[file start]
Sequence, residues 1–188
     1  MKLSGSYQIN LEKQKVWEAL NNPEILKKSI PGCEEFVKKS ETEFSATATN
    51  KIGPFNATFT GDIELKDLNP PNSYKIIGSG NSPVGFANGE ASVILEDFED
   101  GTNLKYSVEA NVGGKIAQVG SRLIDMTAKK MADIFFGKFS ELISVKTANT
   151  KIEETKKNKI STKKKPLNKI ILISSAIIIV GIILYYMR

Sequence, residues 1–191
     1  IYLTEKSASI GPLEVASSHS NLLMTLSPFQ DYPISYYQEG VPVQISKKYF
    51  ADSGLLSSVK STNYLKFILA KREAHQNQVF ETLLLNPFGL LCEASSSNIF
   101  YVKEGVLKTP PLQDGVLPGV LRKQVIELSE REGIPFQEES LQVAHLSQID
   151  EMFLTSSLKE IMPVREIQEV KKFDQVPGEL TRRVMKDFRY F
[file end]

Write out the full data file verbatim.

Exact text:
Sequence, residues 1–188
     1  MKLSGSYQIN LEKQKVWEAL NNPEILKKSI PGCEEFVKKS ETEFSATATN
    51  KIGPFNATFT GDIELKDLNP PNSYKIIGSG NSPVGFANGE ASVILEDFED
   101  GTNLKYSVEA NVGGKIAQVG SRLIDMTAKK MADIFFGKFS ELISVKTANT
   151  KIEETKKNKI STKKKPLNKI ILISSAIIIV GIILYYMR

Sequence, residues 1–191
     1  IYLTEKSASI GPLEVASSHS NLLMTLSPFQ DYPISYYQEG VPVQISKKYF
    51  ADSGLLSSVK STNYLKFILA KREAHQNQVF ETLLLNPFGL LCEASSSNIF
   101  YVKEGVLKTP PLQDGVLPGV LRKQVIELSE REGIPFQEES LQVAHLSQID
   151  EMFLTSSLKE IMPVREIQEV KKFDQVPGEL TRRVMKDFRY F